22. HF(aq) + SO32–(aq)  F–(aq) + HSO3–(aq) (5) conjugate base conjugate acid acid base conjugate acid-base pairs (6) CO32–(aq)+HC2H3O2(aq)C2H3O2–(aq)+HCO3–(aq) base acid conjugate base conjugate acid conjugate acid-base pairs (7) H3PO4(aq) + OCl–(aq)  H2PO4–(aq) + HOCl(aq) conjugate base conjugate acid acid base conjugate acid-base pairs

  23. Neutralization reactions:If you combine an acid with a base… Predict the products: HCl + NaOH  ? Hint: It’s a special kind of double replacement reaction!

  24. If you combine an acid with a base… HCl + NaOH  H2O + NaCl This is called a neutralization reaction because the acid and base neutralize each other.

  25. If you combine an acid with a base… HCl + NaOH  H2O + NaCl The products of any neutralization reaction are water and a salt.

  26. Acid/Base reactions: Produce water and a salt (and sometimes carbon dioxide). Hint: concentrate on the water first. Remember, water has the formula HOH. Complete and balance the following: HCl + KOH  HOH + KCl HCl + Ca(OH)2 2 2HOH + CaCl2 Require equal numbers

  27. 1. Ba(OH)2 + H3PO4 2. HC2H3O2 + NaOH 3. H2SO4 + KOH 4. H2CO3 + NaOH

  28. Everyday application: The stomach secretes acids to help digest foods. These acids, which include hydrochloric acid, have a molarity of about 0.1M. Antacids, like Tums, Maalox, Mylanta and Alka-seltzer are simple bases that neutralize stomach acids.

  29. Naming acids Look at the names of these acids – can you come up with the rule? H2SO4: sulfuric acid HNO3: nitric acid H3PO4: phosphoric acid

  30. Naming acids Rule #1: If the acid comes from a polyatomic ion that ends in “ate,” the acid is named ____-ic. H2SO4: sulfuric acid (from sulfate) HNO3: nitric acid (from nitrate) H3PO4: phosphoric acid (from phosphate)

  31. Naming acids Rule #1: If the acid comes from a polyatomic ion that ends in “ate,” the acid is named ____-ic. Practice: What is – HC2H3O2? HClO3? H2CO3?

  32. Naming acids Rule #2: If the acid does not have oxygen in it, then name it… hydro + second element + ic Example: HCl is hydrochloric acid. What would HBr be? H2S?

  33. Acids and Bases: Strength • What makes an acid a strong acid? It ionizes completely in water! • These are strong acids (in order of increasing strength): • HNO3 (nitric acid) • HCl (hydrochloric acid) • HBr (hydrobromic acid) • HI (hydroiodic acid) • H2SO4 (sulfuric acid) • HClO4 (perchloric acid) (the strongest)

  34. Strong acids: • HCl + H2O  H3O+ + Cl- Remember, strong acids ionize completely in water. The reaction goes all the way to the right. A single arrow is used. There are virtually no HCl molecules left intact.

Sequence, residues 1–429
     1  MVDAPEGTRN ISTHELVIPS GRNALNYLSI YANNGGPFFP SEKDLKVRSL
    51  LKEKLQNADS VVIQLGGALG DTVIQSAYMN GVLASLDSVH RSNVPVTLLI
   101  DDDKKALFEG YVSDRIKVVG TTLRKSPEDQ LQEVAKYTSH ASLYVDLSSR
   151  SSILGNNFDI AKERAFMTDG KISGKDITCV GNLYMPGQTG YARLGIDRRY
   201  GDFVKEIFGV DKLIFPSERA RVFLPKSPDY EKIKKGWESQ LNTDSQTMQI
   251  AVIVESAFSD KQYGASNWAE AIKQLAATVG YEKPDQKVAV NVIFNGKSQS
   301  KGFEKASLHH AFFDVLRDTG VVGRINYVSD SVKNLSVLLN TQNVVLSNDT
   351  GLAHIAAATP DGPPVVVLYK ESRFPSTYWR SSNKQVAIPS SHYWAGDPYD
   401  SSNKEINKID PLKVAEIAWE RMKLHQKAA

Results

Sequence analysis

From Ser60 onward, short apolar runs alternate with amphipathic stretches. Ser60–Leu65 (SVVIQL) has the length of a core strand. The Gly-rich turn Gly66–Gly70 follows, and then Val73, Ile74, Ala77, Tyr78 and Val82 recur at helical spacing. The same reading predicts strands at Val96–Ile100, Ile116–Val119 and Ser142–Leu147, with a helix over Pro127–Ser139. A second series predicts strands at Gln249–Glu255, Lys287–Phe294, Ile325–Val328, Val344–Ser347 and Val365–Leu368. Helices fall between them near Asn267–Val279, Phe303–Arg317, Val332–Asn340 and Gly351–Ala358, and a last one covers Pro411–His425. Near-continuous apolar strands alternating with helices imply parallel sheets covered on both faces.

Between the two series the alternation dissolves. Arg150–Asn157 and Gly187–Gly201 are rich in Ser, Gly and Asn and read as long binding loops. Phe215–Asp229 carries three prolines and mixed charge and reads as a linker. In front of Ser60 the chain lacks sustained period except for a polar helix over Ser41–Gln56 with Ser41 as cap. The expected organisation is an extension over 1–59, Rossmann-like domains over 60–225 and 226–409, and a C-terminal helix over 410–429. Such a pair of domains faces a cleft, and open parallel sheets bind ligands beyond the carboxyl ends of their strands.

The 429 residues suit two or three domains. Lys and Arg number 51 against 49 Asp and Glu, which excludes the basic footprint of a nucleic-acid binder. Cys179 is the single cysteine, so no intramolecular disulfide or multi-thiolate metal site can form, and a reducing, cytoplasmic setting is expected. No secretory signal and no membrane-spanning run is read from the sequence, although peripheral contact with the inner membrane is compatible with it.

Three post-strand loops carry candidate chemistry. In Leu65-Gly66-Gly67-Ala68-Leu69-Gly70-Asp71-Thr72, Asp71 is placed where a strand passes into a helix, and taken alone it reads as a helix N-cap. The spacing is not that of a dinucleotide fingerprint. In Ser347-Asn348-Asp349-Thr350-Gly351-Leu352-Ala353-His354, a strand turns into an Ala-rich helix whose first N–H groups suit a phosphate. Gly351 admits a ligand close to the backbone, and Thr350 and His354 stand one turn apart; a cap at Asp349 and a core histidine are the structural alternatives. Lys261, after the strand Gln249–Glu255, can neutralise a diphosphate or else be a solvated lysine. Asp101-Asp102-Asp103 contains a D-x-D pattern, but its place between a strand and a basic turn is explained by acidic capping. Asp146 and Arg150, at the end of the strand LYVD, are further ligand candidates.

35. Strong acids: • HCl + H2O  H3O+ + Cl- Remember, strong acids ionize completely in water. The reaction goes all the way to the right. A single arrow is used. There are virtually no HCl molecules left intact.

  36. Strong acids: • HCl + H2O  H3O+ + Cl- Looking at the equation above, with the single arrow, is Cl- a strong base or a weak base?

  37. General rule: The conjugate base of a strong acid is a weak base.Similarly, the conjugate acid of a strong base is a weak acid.

  38. One more reminder:“Weak” does not mean the same thing as “diluted.”HCl, for example is always a strong acid. If you add 1000 liters of water to it, it will be diluted, but still strong because what little there is will be completely dissociated.

  39. Electrolytes: Acids and bases are both examples of electrolytes. Electrolytes are compounds that form ions when dissolved in water. They’re called electrolytes because they can conduct electricity through water.

  40. More on electrolytes: If two wires connected to a light bulb and to a power source are placed in a beaker of water, the light bulb will not glow. If an electrolyte, such as sodium chloride, is dissolved in the water, the light bulb will glow because the solution can now conduct electricity. The amount of electric current that can be carried by an electrolyte solution is proportional to the number of ions dissolved. Thus, the bulb will glow more brightly if the amount of sodium chloride in the solution is increased.

  41. Practice Questions

  42. Which of these could be used to determine whether a substance is a base?A Thermometer B Litmus paper C Balance D Bunsen burner

  43. An element common to all acids is –a. chlorineb. hydrogenc. oxygend. sodium